It is a Persian word and comes from (â-briz) and means sewer, latrine, watershed.  ”Ibrik” is the Ottoman Turkish pronunciation of this word.

The word also means “toilet” in Persian and there is an ibrik in every toilet in the Middle East (I ‘ll let your imagination decide what it’s used for!).

On the other hand, the name “cezve” is of Arabic origin, but the spelling is derived from the Ottoman Turkish spelling in Arabic script.  Based on the Arabic meaning, “cezve” refers to a cooking pot used on burning log, ashes or sand. This is why it is the correct name.

However, I also am perfectly okay with calling it a “Turkish coffee pot”.

Here is what an ibrik looks like, and you can not use it to make Turkish coffee:

turkishcoffeeworld: ibrik 3.jpg

Here is what a cezve looks like:

decorative cezve


August 4, 2014

Line copper with tin for culinary win!

Most people are aware of the wonderful uses of copper in cooking. Chefs from around the world praise the material for its ability to evenly and efficiently disperse heat. However, because it is very reactive to the acid present in food, most coppersmiths line the cookware with a less reactive metal– usually tin or stainless steel.


We choose to line our copper products with tin for several reasons:

For one, tin is able to neutralize copper’s surface without interfering with the metal’s excellent cooking properties. It is also highly durable and easy to clean.

On the other hand, stainless steel can get in the way of copper’s benefits. For instance, it can significantly reduce the conductivity of copper.

In our opinion, it is a waste to purchase a beautiful piece of copper cookware and lessen the benefits of this world-renown metal by lining them with stainless steel.

We are not saying that stainless steel is bad in itself—we even sell stainless steel Turkish coffee pots. However, you will not get the tremendous advantages of cooking with copper, so you may as well save your money and purchase a set of cookware made entirely of stainless steel.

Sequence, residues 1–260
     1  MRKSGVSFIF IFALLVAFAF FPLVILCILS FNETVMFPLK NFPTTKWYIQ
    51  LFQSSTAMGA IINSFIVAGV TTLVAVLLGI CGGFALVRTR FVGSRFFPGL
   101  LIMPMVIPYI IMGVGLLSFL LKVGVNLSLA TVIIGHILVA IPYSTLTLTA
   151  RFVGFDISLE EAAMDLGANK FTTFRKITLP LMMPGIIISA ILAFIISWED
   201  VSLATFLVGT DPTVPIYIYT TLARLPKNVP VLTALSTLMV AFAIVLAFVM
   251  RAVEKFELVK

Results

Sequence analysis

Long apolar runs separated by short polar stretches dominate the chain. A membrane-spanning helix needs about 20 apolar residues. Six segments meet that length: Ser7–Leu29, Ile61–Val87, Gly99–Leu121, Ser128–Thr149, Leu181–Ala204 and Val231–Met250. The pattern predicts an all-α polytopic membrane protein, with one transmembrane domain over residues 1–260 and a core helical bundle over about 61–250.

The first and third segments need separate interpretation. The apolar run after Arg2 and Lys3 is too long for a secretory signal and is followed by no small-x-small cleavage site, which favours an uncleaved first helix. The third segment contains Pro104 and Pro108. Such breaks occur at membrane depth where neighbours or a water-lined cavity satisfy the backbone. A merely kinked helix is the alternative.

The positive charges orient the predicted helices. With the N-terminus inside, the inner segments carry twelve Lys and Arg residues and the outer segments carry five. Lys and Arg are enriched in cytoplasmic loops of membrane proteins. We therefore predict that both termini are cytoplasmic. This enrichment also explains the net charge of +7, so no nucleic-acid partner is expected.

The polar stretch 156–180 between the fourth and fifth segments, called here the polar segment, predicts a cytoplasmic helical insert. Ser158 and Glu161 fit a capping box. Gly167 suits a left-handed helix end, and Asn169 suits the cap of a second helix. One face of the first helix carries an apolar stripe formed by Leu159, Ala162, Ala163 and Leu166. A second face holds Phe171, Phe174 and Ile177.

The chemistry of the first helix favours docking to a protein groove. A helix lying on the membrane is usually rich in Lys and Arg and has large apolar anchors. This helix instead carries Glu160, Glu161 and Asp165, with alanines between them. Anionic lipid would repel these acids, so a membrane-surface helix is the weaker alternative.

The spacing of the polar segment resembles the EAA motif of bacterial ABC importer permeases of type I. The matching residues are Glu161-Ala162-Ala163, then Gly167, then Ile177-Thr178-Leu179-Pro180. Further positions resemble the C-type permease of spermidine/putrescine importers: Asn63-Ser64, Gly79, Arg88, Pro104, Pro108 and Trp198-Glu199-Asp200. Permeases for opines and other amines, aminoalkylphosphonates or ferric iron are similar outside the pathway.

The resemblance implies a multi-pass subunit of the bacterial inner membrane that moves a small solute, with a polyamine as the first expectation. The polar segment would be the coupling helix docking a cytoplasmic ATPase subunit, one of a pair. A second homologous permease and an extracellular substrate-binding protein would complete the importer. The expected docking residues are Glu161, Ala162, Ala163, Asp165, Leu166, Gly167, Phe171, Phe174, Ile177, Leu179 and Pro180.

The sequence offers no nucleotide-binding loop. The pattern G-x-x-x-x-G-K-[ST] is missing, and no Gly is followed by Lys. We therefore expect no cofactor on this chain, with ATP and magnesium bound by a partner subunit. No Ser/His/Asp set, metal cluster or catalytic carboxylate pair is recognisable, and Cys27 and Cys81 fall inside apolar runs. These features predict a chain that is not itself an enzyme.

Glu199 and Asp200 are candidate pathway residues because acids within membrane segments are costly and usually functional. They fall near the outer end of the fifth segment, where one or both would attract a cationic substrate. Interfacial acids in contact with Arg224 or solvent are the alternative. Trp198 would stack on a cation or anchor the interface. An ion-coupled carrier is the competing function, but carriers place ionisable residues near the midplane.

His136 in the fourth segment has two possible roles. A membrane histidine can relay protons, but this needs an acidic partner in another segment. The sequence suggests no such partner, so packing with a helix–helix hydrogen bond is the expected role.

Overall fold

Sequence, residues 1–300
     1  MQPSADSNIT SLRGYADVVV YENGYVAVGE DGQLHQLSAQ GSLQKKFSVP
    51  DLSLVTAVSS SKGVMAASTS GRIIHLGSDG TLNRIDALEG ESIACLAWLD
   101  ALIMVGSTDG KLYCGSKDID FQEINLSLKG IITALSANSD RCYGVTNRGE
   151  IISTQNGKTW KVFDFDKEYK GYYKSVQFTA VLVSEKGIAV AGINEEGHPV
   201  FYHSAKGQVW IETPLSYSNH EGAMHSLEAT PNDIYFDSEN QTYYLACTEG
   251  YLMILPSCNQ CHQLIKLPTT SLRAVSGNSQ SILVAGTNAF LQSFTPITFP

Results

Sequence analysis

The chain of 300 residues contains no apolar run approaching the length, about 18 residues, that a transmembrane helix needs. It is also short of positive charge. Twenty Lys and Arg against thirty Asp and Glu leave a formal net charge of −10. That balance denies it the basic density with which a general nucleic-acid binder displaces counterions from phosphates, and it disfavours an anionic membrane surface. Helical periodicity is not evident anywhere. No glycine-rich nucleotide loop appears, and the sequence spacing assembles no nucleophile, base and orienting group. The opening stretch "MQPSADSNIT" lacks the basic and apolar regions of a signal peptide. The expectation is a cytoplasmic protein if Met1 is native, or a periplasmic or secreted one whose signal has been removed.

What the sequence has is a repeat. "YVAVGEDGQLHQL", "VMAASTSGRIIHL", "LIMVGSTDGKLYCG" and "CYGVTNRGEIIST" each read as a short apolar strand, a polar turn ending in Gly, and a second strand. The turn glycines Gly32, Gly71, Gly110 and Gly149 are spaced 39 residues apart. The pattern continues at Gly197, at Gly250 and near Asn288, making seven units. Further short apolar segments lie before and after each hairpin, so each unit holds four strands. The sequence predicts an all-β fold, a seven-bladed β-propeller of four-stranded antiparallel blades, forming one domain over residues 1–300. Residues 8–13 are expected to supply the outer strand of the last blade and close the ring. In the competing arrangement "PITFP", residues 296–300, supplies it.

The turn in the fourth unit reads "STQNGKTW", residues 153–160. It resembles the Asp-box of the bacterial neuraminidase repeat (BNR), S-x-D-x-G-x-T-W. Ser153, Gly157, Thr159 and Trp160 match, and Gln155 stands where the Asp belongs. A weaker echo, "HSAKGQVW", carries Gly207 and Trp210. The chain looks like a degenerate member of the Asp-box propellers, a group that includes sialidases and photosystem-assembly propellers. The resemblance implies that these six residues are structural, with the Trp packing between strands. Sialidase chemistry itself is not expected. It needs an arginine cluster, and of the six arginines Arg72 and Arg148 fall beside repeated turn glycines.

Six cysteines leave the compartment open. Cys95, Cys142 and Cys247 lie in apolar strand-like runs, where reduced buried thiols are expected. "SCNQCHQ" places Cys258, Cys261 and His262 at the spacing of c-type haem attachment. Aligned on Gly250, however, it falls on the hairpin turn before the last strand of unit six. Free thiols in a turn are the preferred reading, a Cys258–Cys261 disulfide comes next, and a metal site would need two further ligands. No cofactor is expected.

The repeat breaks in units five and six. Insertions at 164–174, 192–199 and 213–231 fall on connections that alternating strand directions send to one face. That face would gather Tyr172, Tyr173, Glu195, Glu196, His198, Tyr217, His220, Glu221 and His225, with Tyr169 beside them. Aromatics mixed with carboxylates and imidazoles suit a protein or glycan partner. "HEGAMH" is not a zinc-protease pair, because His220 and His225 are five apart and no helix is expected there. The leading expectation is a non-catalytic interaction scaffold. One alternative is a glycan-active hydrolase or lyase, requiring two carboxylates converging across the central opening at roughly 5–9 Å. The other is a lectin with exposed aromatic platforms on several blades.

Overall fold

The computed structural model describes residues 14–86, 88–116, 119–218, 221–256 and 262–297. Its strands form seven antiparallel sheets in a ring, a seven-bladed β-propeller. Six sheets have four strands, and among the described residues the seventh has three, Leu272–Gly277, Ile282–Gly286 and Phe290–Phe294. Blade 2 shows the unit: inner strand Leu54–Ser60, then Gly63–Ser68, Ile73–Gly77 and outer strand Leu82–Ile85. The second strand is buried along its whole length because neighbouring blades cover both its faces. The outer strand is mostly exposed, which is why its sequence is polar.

Tin is also incredibly safe. 

Tin is an essential element and a trace mineral. It is naturally found in our bodies, as well as many of the foods we eat, and has been used in cookware since the Bronze Ages.

In fact, recent studies show that most Americans are actually deficient in tin consumption, causing ailments like low adrenals and hair loss. Scientists are unsure of the its precise in human health, but several studies point to decreased fatigue and decreased depression, as well as increased digestive capabilities, with steady tin consumption.

Even so, tin has a very high melting point: 450 degrees Fahrenheit. In contrast, coffee boils at around 212 degrees Fahrenheit. With normal use, your tin-lined copper pot will never reach the high temperatures needed for any significant leaching to occur.

More information on maintenance:
We line all of our copper products with thick, pure tin, in order to increase the safety and durability of its use. Eventually, the cookware will need to be re-tinned after a decade or so of regular use (click here for a great tinsmith in the U.S.). Also, because tin does melt at very high temperatures, you should never place a tin-lined pot on a hot stove with nothing inside of it. If you do this, you risk “dry burning” the pot.

February 21, 2014 September 9, 2013